aka The Day the Screaming Stopped
Director/Producer – Pete Walker, Screenplay – Murray Smith, Additional Material Written by Michael Sloan, Photography – Peter Jessop, Music – Stanley Myers, Makeup – George Partleton, Art Direction – Mike Pickwoad. Production Company – Pete Walker (Heritage) Ltd
Jack Jones (Nick Cooper), Pamela Stephenson (Linda Everett), David Doyle (Webster Jones), Sheila Keith (Doris B), Peter Turner (Harry Cunningham), Bill Owen (Arthur B), Richard Johnson (Dr Ian Macauley)
Pop star Nick Cooper attempts to make a comeback after a six-year absence and a divorce but is plagued by doubts. He retreats to a country manor to sort himself out. Once there, he is tormented by eerie hauntings, although nobody else can find any evidence of what he sees. At the same time, someone starts killing off those around him.
The films of Britain’s Pete Walker (see below for titles) are often quickly passed over and dismissed as being exploitative Sadean thrillers. However, Pete Walker is a better director than that and should not be so easily dismissed. The Comeback is a more than reasonable effort. Walker deals up some strong violence but The Comeback also balances this with a fair plot. Just compare The Comeback to the flood of slasher films that popped up following Halloween (1978) not long after this, most of which were designed solely as Sadean killing machines with plot only intended to connect sequences involving the slaughtering of teens together. In comparison, the films of Pete Walker suddenly appear in a much more favourable light.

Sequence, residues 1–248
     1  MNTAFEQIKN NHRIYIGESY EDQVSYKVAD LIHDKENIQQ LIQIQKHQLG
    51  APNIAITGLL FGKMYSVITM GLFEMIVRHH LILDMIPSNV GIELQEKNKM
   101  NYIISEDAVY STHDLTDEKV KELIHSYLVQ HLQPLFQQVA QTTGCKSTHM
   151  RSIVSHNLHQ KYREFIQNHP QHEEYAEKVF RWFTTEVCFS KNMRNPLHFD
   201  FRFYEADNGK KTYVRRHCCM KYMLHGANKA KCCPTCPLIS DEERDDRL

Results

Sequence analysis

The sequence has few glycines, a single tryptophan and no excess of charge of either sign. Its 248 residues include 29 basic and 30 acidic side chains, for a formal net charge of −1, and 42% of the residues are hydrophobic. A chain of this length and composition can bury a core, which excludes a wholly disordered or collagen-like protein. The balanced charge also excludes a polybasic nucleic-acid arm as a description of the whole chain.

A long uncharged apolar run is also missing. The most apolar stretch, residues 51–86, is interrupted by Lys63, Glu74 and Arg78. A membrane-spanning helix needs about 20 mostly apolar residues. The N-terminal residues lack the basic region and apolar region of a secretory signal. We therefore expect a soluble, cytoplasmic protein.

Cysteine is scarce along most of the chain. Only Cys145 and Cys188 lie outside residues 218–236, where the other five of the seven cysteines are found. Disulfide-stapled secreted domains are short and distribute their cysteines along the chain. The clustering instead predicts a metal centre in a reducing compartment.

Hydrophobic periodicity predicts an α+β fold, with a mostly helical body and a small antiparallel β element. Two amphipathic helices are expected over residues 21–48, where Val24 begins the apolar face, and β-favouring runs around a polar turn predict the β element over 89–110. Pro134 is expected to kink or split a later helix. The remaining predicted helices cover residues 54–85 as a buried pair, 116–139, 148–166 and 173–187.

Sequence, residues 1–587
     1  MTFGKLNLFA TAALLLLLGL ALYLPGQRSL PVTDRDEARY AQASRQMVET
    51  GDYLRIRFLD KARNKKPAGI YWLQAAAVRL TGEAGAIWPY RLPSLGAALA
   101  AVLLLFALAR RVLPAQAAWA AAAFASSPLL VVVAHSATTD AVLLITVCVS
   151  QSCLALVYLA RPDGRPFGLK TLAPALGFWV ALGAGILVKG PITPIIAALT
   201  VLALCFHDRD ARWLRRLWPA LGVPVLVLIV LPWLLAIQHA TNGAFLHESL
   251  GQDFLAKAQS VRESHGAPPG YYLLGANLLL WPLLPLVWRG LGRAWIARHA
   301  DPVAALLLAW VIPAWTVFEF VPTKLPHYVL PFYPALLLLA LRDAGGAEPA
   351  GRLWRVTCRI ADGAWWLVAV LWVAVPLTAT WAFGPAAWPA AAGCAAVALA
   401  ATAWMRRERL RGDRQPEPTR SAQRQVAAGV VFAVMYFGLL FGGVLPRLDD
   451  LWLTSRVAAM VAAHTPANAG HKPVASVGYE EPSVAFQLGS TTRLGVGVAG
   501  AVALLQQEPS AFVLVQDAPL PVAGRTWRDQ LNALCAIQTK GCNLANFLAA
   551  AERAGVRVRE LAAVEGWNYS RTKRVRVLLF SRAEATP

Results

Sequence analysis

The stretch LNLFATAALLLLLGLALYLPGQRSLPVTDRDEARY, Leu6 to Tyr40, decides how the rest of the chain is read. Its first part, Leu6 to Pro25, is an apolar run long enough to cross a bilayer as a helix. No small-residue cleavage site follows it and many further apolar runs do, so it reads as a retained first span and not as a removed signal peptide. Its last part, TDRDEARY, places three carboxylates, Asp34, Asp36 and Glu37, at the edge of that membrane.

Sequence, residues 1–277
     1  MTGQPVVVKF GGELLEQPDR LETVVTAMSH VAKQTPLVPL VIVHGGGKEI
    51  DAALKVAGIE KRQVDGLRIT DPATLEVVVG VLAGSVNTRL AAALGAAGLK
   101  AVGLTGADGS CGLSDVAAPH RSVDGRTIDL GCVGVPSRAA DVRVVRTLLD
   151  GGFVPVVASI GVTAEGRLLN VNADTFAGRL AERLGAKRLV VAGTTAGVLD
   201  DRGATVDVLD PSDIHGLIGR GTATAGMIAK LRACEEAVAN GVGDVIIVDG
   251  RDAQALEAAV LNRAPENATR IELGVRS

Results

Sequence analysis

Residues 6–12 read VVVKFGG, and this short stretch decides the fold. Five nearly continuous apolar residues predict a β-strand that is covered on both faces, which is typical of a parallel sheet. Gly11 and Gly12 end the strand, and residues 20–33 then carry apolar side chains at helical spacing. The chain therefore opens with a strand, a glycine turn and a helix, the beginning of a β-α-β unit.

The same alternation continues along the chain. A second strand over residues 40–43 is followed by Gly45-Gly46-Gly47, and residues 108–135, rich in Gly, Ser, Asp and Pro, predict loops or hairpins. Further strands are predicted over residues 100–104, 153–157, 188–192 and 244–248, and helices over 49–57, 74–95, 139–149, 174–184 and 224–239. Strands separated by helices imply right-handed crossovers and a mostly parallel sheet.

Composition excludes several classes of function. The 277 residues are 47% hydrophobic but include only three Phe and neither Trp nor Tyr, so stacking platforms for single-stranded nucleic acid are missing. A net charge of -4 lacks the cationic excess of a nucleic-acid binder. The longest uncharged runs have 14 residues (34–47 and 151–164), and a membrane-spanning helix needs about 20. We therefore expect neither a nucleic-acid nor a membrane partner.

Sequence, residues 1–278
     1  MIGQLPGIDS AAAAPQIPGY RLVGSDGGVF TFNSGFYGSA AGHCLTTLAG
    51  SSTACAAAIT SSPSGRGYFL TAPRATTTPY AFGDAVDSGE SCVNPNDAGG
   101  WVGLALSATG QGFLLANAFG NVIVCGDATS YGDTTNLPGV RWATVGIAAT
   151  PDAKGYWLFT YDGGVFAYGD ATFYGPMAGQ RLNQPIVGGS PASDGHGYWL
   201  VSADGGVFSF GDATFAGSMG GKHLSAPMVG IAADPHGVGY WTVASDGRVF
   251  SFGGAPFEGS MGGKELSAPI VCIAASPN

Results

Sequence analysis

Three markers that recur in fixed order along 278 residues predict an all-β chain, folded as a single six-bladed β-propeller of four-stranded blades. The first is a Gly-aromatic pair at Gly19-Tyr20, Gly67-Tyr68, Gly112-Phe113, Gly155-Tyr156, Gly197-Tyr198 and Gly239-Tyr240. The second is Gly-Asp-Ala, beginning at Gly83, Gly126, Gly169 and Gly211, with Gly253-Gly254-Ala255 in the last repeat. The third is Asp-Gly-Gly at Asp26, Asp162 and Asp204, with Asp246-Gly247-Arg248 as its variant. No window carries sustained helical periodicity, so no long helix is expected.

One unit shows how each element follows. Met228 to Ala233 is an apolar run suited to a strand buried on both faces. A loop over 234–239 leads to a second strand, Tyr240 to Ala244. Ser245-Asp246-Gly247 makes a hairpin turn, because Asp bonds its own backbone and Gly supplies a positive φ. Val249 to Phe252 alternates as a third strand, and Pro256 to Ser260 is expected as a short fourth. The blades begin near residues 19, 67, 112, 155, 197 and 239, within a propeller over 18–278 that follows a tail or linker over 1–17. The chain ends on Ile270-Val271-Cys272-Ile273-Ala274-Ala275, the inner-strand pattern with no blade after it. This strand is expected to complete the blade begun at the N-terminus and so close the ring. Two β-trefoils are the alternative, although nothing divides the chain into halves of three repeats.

The pace in The Comeback is on the slow side but Walker does an interesting job in managing to turn the supporting cast into threateningly perverse characters – like Peter Turner’s crass advances on Pamela Stephenson, while David Doyle is revealed as a closet cross-dresser. And then there is Walker regular Sheila Keith who gives a marvellously cold performance, managing to imbue even a line like “Perhaps I can spread the butter for you?” with something sinister. Jack Jones, a real life pop singer during he 1960s, gives a fair and likeable performance.
As with much of Pete Walker’s work, the end revelation of what is going on resides in conservative, institutionalised horrors, which, in Walker’s films, hold a psychopathic dislike of the freedom and perceived moral laxity of the youth generation. There is also an interesting end that suggests it might all have been in Jack Jones’s imagination anyway.
Pete Walker’s other horror films are:– Die Screaming Marianne (1971), The Flesh and Blood Show (1972), House of Whipcord (1974), Frightmare (1974), House of Mortal Sin/The Confessional (1976), Schizo (1976) and House of the Long Shadows (1983).